Cold Sores

According to researchers, about 80 percent of us have had a cold sore at one time or another. They’re ugly, they sting and they can ruin a date. People try everything to get rid of them. Stopping the spread is important.

Since he was a kid, Tom has dealt with cold sores. “They always felt like they stuck out like a headlight. You were always much more conscious of it than most people were,” says Tom.

Cold sores have cropped up on Karen’ lips for most of her 38 years… usually at the worst times.

Karen, “Sometimes when your mouth is broken out, people ask questions like, ‘What’s wrong with your lip?'”

The culprit is a chickenpox-like virus called Herpes Simplex One. Once you get it, it stays in your body.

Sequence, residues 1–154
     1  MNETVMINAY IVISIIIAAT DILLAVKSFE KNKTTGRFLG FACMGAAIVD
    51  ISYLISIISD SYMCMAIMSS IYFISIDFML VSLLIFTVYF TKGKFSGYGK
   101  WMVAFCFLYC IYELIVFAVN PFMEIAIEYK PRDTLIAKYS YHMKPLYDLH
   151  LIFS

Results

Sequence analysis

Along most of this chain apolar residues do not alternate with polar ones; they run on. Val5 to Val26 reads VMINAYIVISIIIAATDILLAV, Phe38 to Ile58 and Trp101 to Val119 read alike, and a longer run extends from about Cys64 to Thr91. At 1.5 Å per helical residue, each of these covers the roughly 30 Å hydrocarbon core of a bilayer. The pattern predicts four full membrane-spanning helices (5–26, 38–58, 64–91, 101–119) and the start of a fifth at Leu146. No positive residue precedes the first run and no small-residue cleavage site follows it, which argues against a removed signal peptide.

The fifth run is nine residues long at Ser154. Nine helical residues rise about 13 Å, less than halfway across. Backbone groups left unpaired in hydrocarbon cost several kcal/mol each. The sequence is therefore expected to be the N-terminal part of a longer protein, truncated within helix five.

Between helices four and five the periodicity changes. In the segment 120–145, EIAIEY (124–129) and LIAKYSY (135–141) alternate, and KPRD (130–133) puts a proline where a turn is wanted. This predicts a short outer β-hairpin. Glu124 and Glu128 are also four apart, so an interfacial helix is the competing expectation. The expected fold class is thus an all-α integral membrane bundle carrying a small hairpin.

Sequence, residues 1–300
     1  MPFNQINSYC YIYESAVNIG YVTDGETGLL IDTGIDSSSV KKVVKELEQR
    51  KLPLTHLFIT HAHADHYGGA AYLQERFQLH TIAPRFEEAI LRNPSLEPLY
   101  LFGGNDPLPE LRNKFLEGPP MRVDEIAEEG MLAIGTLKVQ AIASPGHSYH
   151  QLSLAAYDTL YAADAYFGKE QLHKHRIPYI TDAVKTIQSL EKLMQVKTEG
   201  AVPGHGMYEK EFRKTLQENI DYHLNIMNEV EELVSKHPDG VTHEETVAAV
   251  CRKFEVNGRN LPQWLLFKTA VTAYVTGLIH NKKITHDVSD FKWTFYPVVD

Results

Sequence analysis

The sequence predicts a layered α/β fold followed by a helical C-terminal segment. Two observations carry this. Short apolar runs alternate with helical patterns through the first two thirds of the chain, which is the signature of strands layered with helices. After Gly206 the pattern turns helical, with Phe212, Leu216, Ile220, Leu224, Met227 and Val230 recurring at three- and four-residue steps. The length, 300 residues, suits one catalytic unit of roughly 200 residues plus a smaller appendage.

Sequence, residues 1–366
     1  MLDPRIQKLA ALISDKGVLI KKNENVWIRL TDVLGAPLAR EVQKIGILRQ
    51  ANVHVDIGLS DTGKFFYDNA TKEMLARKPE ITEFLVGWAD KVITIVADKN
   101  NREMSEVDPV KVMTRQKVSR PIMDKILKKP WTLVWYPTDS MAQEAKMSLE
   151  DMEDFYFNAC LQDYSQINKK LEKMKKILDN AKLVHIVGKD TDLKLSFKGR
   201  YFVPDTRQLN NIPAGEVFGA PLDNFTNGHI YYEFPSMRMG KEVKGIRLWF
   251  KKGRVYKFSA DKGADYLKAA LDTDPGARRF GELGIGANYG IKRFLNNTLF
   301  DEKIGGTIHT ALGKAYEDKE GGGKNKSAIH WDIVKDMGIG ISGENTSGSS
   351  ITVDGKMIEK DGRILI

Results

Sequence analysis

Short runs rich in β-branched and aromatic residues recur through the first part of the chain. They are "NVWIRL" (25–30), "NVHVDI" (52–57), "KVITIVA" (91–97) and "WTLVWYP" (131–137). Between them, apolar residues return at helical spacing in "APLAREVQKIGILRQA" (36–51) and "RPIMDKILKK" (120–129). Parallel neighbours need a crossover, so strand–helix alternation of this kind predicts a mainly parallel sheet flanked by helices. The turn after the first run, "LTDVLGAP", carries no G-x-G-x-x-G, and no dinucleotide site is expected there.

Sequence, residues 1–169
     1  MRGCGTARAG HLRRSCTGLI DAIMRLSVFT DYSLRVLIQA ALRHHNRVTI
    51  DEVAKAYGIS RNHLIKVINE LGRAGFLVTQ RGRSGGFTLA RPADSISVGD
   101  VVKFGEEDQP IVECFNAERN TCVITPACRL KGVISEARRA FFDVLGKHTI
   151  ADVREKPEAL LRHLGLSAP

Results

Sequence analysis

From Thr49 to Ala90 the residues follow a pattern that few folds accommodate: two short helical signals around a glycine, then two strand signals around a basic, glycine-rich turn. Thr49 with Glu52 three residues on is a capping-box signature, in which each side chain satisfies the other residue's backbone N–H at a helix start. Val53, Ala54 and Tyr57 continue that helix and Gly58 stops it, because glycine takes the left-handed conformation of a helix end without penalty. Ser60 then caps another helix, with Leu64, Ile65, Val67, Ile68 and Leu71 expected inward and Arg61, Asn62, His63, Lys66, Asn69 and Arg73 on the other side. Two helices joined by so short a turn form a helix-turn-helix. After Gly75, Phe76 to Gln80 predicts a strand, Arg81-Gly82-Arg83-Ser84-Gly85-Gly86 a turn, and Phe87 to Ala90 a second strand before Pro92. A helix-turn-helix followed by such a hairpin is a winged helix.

“Generally it occurs for the first time in childhood or adolescence, and perhaps in young adulthood. That’s the initial attack. Then the virus remains dormant, could be for weeks or years,” Dr. Kerber says.

Several things can make cold sores pop up:

* Stress
* Fever
* Illness
* Fatigue
* Menstruation

For Tom, sunlight is the enemy. “I noticed, in the past, I get them from being out in the sun too much.”

To prevent spreading them:

* Avoid touching the sore,
* Don’t kiss anyone, and
* Wash your hands before touching your eyes or genitals.

It comes back in the same location, at the same spot, over and over again.

The bad news is most sores last about 10 days, and some people can get them up to 10 times a year. The good news: there are over-the-counter medications to treat the pain. Canker sores are different. They are not contagious and they occur in the mouth, whereas cold sores only erupt outside the mouth.

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